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AJMC Panel: Advances in Multiple Myeloma Therapy Extend Survival for Patients, Raising Cost Concerns

The American Journal of Managed Care convened a panel of experts on the advances and challenges in the treatment of multiple myeloma. This blood cancer remains incurable, but patients are seeing much longer survival rates, thanks to the arrival of drugs such as bortezomib and thalidomide.

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The American Journal of Managed Care convened a panel of clinicians, a payer representative, and a leader from the Multiple Myeloma Research Foundation to discuss advances and challenges in care.

Patients need a couple of years' worth of therapy, or even more. This is dictated by the underlying biology.

Plainsboro, N.J. (PRWEB) June 04, 2014

It’s a concern that only comes when cancer therapy succeeds: As the length of survival for the typical multiple myeloma patient has nearly tripled, the number of patients living with the disease has also increased. Today, a cancer that was once a blip on the radar screen for insurers is slowly catching their attention as the cost of care increases, both for individual patients and gradually, across payment systems.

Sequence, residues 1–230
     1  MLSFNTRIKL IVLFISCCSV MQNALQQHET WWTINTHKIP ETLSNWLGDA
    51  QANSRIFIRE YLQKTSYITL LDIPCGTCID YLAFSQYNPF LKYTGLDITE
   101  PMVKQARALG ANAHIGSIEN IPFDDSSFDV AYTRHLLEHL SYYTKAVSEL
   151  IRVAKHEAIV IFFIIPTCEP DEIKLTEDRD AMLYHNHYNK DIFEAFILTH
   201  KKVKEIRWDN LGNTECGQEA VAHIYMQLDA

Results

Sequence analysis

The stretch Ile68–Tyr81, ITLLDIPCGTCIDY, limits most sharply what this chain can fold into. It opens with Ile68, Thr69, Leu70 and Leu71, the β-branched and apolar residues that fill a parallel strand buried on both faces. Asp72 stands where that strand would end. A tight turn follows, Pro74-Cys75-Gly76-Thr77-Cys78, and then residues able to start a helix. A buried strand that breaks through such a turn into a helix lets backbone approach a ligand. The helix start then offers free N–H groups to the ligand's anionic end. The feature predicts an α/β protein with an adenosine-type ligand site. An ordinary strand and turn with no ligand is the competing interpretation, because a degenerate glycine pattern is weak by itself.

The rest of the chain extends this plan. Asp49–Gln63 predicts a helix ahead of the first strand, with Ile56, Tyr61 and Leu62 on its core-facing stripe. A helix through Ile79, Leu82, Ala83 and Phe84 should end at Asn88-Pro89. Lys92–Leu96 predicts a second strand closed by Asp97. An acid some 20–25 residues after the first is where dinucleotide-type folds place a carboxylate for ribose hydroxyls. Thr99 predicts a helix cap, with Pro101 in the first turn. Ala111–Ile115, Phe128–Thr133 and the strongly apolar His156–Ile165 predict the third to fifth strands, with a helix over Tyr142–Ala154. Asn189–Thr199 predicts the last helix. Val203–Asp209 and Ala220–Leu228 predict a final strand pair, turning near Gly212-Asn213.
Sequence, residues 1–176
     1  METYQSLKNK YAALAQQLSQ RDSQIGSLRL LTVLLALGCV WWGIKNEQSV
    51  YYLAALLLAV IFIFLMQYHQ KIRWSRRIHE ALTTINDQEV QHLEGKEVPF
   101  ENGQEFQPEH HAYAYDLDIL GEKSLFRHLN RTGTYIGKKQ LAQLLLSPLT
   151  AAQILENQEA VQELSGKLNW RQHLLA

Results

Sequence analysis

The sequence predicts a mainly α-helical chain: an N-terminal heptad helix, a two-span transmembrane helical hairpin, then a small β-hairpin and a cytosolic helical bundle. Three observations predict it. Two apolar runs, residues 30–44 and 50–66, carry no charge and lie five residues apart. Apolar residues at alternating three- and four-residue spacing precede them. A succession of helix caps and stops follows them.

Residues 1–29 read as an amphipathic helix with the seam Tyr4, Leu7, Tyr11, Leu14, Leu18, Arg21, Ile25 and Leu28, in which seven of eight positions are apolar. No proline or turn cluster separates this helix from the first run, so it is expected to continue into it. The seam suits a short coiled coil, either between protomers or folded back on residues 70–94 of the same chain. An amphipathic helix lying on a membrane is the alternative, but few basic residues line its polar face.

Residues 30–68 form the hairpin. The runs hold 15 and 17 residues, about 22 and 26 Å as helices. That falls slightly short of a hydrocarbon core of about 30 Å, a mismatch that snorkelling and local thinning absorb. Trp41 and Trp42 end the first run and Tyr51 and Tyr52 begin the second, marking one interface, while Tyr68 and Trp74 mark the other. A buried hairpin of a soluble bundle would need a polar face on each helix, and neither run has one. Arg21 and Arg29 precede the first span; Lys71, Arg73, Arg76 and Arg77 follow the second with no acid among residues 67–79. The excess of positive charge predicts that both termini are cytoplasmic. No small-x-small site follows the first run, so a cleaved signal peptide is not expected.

The American Journal of Managed Care recently convened a panel that included clinicians and representatives from the payer community and the Multiple Myeloma Research Foundation (MMRF). The group discussed advances and challenges in diagnosis, treatment, and the cost of care for patients who have this still relatively uncommon blood cancer. Joining moderator and AJMC co-editor-in-chief Michael Chernew, PhD, were Shaji K. Kumar, MD, Professor of Medicine, Mayo Clinic; Jack Goldberg, MD, Clinical Professor of Medicine, Penn Presbyterian Medical Center; Gene Reeder, Rph, PhD, Director, Managed Care Networks, Xcenda; and Anne Quinn Young, MPH, Vice President, Development and Strategic Partnerships, MMRF. To listen to the full discussion, click here.

About 24,000 new patients will be diagnosed in the United States in 2014, according to the MMRF. Over the past two decades, advances such as the use of bortezomib and thalidomide, alongside stem cell transplants, have revolutionized care and increased average survival from three years to eight. As Dr. Goldberg explained, as newer drugs have come on line, they have been less toxic, allowing patients to be treated for longer periods and achieving a “deeper” response. “That’s where the benefit has been seen the most,” he said.

And doctors are learning that multiple myeloma cannot be treated with a “hit and run” strategy, said Dr. Kumar. “Patients need a couple of years’ worth of therapy, or even more,” he said. “This is dictated by the underlying biology,” although there may be periods when patients can go off therapy.